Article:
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German teacher returning to the UK

Discussion in 'Modern foreign languages' started by roverlei, Aug 21, 2011.

  1. roverlei

    roverlei New commenter

    Hi all,

    After 10 years away from the UK, I'm returning. I'm a MFL teacher with 15 years' experience and have been teaching A-Level German for many years. I also have French as my second subject.

    Several friends have been quite negative about prospects for German teachers in London at the moment.

    What's the word on the street?
     
  2. I'd try not to worry. Some people are negative about it, yes. But hopefully things will change. Spanish has recently appeared to have taken over German in terms of popularity, something that I dislike. I don't like that the two most popular languages are both romance ones. It doesn't give pupils a real appreciation of world languages, that is, there is no real breadth in terms of linguistic knowledge; only depth. Spanish and French are extremely similar in terms of lexicon, syntax and morphology. The subject after all is "modern foreign languages" and by this, I expect pupils to have insight into at least two languages, each from different language branches or families. French and German is ideal for this. They link well with English too, since much of English vocabulary comes from French, but a lot of structure is still Germanic.
    I personally would prefer that pupils get an insight into another language, preferably non-European, such as Arabic, Mandarin, Turkish or Japanese, so that they can greater appreciate linguistic diversity, and realise that some languages are very different from English in terms of grammar and phonology.
    I would recommend you promote your knowledge of German as much as you can, and emphasise its advantages. It would be a sad day, when the only languages ever taught in schools are French and Spanish.
     
  3. roverlei

    roverlei New commenter

    Thanks for the fill-in, judodan. It also pays not to panic until I hit the ground, either. I agree whole-heartedly with your sentiment about not wanting two romance languages as the leading ones.

    My guess is going to be that German will for some time remain strong in independent schools especially, just like it has here in Australia. A colleague made the clever point recently, however, that as German teachers we seem to have spent a great deal of our careers battling to keep our language above water, whilst French rides on the back of 'traditionalism' and Spanish on the back of 'fad'. Not that I have anything at all against these languages, rather, it just seems that there always needs to be a justification for learning a specific language (i.e. you'll get a job selling widgets to Spain etc.), rather than simply learning a language for enjoyment, or because you might just discover something about your own mother tongue.
     
  4. "German was the
    most popular language required for jobs in September 2010, highlighting the war
    for talent when it comes to German speakers". That’s according to specialist
    language job board multilingualvacancies.com.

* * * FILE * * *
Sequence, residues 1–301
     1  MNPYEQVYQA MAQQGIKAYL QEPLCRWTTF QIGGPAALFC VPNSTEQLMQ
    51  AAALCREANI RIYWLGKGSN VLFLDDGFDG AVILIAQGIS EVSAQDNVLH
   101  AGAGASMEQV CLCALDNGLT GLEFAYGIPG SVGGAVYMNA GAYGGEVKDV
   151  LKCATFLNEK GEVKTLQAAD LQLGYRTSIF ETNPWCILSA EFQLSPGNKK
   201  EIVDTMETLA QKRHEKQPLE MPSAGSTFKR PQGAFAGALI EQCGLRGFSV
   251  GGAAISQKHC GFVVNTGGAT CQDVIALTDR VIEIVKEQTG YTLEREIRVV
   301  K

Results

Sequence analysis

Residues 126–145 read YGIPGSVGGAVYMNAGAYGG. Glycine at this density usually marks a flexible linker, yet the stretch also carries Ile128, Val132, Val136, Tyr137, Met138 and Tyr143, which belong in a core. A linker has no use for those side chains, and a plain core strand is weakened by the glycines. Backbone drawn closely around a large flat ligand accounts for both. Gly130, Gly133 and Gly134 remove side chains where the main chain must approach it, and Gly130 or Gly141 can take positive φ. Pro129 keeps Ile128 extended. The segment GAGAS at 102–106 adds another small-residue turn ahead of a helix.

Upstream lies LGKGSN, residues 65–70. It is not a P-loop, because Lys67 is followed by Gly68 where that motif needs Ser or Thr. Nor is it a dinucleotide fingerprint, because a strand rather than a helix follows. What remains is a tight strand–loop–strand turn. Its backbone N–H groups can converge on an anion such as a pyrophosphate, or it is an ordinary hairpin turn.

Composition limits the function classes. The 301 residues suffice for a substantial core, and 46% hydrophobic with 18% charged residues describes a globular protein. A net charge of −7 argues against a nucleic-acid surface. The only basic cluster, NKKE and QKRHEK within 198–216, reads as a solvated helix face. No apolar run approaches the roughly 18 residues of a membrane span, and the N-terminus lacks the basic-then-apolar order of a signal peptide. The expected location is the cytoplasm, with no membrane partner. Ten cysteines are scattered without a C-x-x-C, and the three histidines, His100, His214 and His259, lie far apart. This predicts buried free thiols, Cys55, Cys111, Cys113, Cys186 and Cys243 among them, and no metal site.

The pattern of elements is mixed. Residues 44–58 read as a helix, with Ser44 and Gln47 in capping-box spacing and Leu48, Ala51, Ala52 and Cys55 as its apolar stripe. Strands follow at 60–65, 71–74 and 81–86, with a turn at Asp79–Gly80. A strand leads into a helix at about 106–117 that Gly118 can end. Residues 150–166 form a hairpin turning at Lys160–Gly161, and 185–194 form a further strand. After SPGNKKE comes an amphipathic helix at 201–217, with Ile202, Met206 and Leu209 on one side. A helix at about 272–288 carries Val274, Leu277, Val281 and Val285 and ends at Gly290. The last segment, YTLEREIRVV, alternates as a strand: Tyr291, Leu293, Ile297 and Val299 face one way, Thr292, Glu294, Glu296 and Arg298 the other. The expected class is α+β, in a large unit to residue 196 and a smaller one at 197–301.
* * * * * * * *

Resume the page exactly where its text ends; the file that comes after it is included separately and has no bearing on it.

"Statistics of jobs posted on the site show that with 460 roles, German is by
    far the most sought after language, with the next most popular one being
    French, required for 332 jobs. Other Western European languages were also in
    demand, with Dutch the third most requested language, followed by Spanish and
    Italian which both featured 132 times on job adverts in September. The
    Scandinavian languages were next on the list and there was also a niche demand
    for the languages of Japan
    and China.
    http://www.prfire.co.uk/press-release/sprechen-sie-deutsch-german-is-most-in-demand-language-from-employers-32831.html
     
  5. noemie

    noemie Occasional commenter

    The reality in teaching is different though, so you can't necessarily apply what's going on in the industry to teaching jobs. For instance, to quote your example, I don't know of any school that offer Dutch and are therefore looking for a Dutch teacher - and before hikochan gets on my case I'm not saying that this is the way it should be, just the way it is. Similarly, although there are some strong pockets of German here and there (and my school is a good example of this, where German is more popular at GCSE than French), the reality is that in schools where languages are not compulsory, the necessity to survive has meant that Spanish often overtakes German, and perhaps sometimes French. It's just this stupid mentality of a lot of kids that they still strongly believe Spanish is a doss (holiday country), French is poncy and boring and German is the language of the nazi invaders. And in a universe where headteachers bend to the every whim of their pupils (or to be more precise, their parents) then they will continue to not give German the chance it deserves.
    Not that it's necessarily that different elsewhere. When I was at school in Switzerland, all of my schoolmates (and me included) didn't like the idea of doing German (difficult and the language of the hated majority), were looking forward to doing Italian (pizzas and pasta) and were keen on learning English (pop music and opening doors to jobs). Quite what we, as languages teachers, do to reverse the trend and get students excited about learning any language, not just Spanish, is beyond my little brain - no doubt hikochan will have a solution to offer.
     
  6. Roverle - is it possible / easy to find a job as a German teacher in Australia? I'd love to take advantage of the visa system with my teaching qualifications and get out there, but always thought i'd never find work as a teacher of German / French?
     

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